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When it comes to presidential politics in Arizona, Dwight Eisenhower and Bob Dole help explain 72 years of voting. Every Republican since Ike in 1952 has carried the state, except for Dole in 1996.

That long Republican-red history could be upended in November if dozens of polls and more recent voting trends hold up.

Current polling

The Real Clear Politics average has Biden up by 2.7 percentage points.

Note: Of the 32 polls taken in the quarantine/Biden frontrunner period, Biden has led in 25, with three ties, according to Real Clear Politics.

Arizona is a magnet for transplants from across the country and has a large, Democratic-leaning Hispanic population that voted in more sizable numbers in 2018. Those factors, along with a large independent electorate that swung mostly to Democrats two years ago, helped push the state — once the base of GOP presidential nominees Barry Goldwater and John McCain — to battleground status.

Current status

“When you look at what issues that Democrats and independents care about, you’ve got health care and education as No. 1 and 2 for both independents and Democrats,” said Ron Ober, a Democratic campaign consultant in Phoenix. “When you look at Republicans, the No. 1 issue in their primary is immigration, so you’ve got a disconnect between Republicans and independents.”

Growing signs indicate these demographic trends could make it harder for President Donald Trump to hold on to a state he carried by 3.5 percentage points in 2016.

2016 results

Trump won by 3.5 percentage points over Clinton.

Note: It was the smallest margin for a GOP candidate since Bob Dole lost the state in 1996. Beginning in 1952, GOP candidates have carried the state every time except 1996.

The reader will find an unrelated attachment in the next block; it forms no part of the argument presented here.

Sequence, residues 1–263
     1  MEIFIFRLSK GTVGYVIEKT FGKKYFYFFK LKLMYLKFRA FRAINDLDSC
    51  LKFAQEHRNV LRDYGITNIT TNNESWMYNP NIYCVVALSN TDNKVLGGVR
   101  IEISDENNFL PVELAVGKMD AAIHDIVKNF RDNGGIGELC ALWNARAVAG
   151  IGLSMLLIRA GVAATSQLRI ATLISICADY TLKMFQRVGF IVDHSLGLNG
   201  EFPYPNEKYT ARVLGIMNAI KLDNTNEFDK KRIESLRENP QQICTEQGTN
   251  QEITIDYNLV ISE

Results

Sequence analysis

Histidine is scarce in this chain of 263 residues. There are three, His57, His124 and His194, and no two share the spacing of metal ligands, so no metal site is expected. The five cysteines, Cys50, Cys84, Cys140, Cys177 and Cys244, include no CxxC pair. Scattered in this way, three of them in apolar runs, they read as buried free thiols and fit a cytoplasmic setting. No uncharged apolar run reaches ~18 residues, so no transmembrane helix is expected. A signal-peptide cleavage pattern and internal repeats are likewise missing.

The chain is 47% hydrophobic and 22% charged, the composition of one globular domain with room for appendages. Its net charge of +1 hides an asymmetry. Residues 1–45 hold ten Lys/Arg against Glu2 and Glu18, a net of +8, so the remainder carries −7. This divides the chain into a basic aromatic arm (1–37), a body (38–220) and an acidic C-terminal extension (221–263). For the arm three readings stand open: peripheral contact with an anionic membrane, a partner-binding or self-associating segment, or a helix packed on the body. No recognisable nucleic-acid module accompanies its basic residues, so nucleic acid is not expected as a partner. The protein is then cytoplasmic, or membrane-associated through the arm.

2016 polling average

Here are four areas in Arizona that will help settle the presidential race:

The Loop 101 corridor/southeastern Maricopa County

Metro Phoenix accounts for the majority of the votes in Arizona. And the area that roughly corresponds to the Loop 101 that circles the city to the north was the state’s purple battleground in the 2018 midterm election.

Democrat Kyrsten Sinema, who casts herself as a pragmatic centrist, won the state’s U.S. Senate race in 2018 by 2 percentage points to give Arizona Democrats their first win in a Senate contest since 1988.

Republican Senate candidate Martha McSally (L) and Democratic Senate candidate Kyrsten Sinema (R) prepare to debate at the studios of the KAET public television station in Phoenix on Oct. 15, 2018.
RICK D’ELIA, EPA-EFE

The suburban ring around Phoenix also voted strongly for Republican Gov. Doug Ducey in the same election. This area includes the suburbs southeast of Phoenix and parts of Chandler and Gilbert — affluent, college-educated communities with a history of voting Republican. 

“One of the common denominators that we’ve seen in all these battleground areas is these are typically places where there has been an enormous number of people, whether it’s because of job relocations or new companies, that have moved to Arizona,” said GOP consultant Lorna Romero, the 2016 campaign spokeswoman for the late Sen. John McCain, R-Ariz., and a former staffer to former Republican Gov. Jan Brewer.

“My guess would be right now that this isn’t some type of long-term political realignment,” she said. “I think that a lot of this has to do with the rhetoric coming from the president. You see Republicans who are changing party affiliation to independents. … I do think it’s a Trump factor, and I don’t know how long it will last.”

These purple areas matter not only because they show new support for a Democrat, but also because they vote in significant numbers. Turnout from this area will likely be on the higher side, magnifying its importance in a close race. 

7th Congressional District